Wyoming Rebates and Incentives Summary

WyomingThough Wyoming is a northwestern state, it is still firmly in the United States’ solar belt. And it has a bonanza of energy opportunities, with rich wind — including the most superb inland wind resources in the United States, which are in a small, southeastern pocket of the state, and better than average solar and geothermal resources.

While the Wyoming gets, on average, more than 5 kilowatt hours (kWh) of sunlight per square meter per day, the state also is rich in fossil fuels, particularly coal and natural gas and offers few incentives to residents and businesses to help them convert to solar and other renewables.

The state, despite being the 10th largest, is the nation’s least populated with roughly 500,000 residents, according to the Energy Information Administration. That’s less than the 600,000 people who live in Washington, D.C.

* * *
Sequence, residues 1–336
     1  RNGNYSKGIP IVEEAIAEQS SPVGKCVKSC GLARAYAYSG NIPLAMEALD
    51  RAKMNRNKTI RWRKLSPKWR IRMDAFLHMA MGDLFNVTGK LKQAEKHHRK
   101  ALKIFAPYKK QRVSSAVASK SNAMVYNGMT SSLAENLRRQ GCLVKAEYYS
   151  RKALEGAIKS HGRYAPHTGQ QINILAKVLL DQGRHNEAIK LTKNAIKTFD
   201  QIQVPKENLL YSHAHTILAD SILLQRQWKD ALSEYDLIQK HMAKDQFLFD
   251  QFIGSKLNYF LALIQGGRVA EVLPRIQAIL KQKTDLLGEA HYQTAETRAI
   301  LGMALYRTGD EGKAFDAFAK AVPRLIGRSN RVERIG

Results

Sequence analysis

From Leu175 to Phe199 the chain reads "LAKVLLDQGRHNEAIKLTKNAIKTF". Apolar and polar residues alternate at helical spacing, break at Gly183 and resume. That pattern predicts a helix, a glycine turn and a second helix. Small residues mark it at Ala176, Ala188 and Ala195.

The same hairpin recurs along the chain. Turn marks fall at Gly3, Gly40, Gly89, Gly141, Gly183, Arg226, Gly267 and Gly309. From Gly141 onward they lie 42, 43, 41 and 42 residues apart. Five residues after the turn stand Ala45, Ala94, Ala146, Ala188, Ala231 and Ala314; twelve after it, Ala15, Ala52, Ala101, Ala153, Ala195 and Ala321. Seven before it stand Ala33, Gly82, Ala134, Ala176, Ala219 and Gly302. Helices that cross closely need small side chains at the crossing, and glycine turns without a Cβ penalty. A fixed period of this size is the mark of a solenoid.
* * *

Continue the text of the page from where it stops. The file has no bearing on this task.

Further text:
In addition to being a magnet for companies exploring for oil shale and natural gas, Wyoming is the top producer of coal in the nation, surpassing the other coal giant, West Virginia. Wyoming's low-sulphur coal is easy to mine since it's found in surface-based deposits, making it attractive to coal-fired power plants that want to keep their emissions low.

Given its large fossil fuel resources, it’s no surprise that the majority of electricity produced in Wyoming comes from coal-fired plants. But the amount of wind power produced in the state continues to increase.

Both Wyoming’s northern and southern neighbors, Colorado and Montana, have established renewable portfolio standards. Wyoming has no RPS and few legislated programs to promote renewable energy adoption.

While limited, Wyoming does offer some incentives to help its residents and businesses adopt renewables and install solar. With harsh winters, the state is offering more incentives geared to help residents invest in energy-efficiency projects, like improving insulation, to help cut back energy costs in the winters. The state offers residents rebates, zero-interest rate loans, and a net metering program to make the conversion to solar and other renewable electricity sources a little easier.


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